The contamination of Havelock North's water supply cost businesses in the village about $80,000.
This was revealed at a Hastings District Council meeting yesterday, during which the Havelock North Business Recovery Fund was established, and a rates remission for residents connected to the affected water supply was granted.
Earlier this month the council announced $100,000 of financial help for businesses affected financially during the outbreak. Applications from businesses for assistance have been filing in this week, with the final cutoff next Friday.
In his report to council, chief financial officer Bruce Allen stated that six completed applications had been received by council so far, with three payments made, and three still under consideration.
Council economic growth and organisational improvement group manager Craig Cameron said market view statistics during the peak week of the outbreak showed about an $80,000 drop in retail and hospitality spend from the same period last year.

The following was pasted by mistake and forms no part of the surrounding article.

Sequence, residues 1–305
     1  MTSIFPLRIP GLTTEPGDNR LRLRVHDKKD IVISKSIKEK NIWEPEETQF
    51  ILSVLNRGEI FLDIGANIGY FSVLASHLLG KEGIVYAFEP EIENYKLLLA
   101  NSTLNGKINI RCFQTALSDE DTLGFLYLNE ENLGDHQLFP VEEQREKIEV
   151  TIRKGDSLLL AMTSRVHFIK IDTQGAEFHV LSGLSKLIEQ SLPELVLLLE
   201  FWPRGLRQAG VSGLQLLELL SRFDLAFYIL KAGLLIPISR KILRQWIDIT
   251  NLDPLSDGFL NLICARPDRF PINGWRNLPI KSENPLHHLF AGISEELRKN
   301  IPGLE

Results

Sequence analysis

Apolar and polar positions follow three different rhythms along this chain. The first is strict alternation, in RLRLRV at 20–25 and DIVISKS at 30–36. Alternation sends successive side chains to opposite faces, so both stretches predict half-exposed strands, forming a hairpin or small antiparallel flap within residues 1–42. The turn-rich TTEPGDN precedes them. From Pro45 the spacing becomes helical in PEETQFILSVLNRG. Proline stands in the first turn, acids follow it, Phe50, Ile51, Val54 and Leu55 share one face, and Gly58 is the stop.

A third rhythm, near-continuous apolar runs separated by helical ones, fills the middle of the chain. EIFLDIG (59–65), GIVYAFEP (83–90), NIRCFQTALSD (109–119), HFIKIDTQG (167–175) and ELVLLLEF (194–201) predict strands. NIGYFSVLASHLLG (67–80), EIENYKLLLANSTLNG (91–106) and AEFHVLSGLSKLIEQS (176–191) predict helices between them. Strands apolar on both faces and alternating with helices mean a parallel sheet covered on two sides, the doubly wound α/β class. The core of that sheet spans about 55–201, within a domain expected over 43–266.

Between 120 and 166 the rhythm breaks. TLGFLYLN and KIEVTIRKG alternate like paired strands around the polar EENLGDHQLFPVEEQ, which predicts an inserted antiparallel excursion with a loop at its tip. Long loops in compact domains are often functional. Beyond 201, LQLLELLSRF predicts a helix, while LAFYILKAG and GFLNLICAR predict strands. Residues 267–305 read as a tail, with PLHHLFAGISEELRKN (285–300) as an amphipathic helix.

He said although the rate of applications coming in was slow, council staff were out helping affected businesses with the process.
Yesterday the Government's independent Inquiry was formally established, which the Hawke's Bay Regional Council welcomed.
The council had written to the chair, the Honourable Justice Lyn Stevens QC, to offer any assistance.
Under the Resource Management Act, the council had responsibility to enforce the observance of its regional plan and ensure resource consents issued in the region were properly complied with. The Inquiry's Terms of Reference stated it was not to determine questions of civil, criminal, or disciplinary liability.
The council was continuing to investigate the affected water supply bores in accordance with its statutory responsibility.
The regional council intend to finish the investigation before Christmas and would make a decision then on any necessary further action.
The investigation was being conducted independently, but with the full cooperation of Hastings District Council.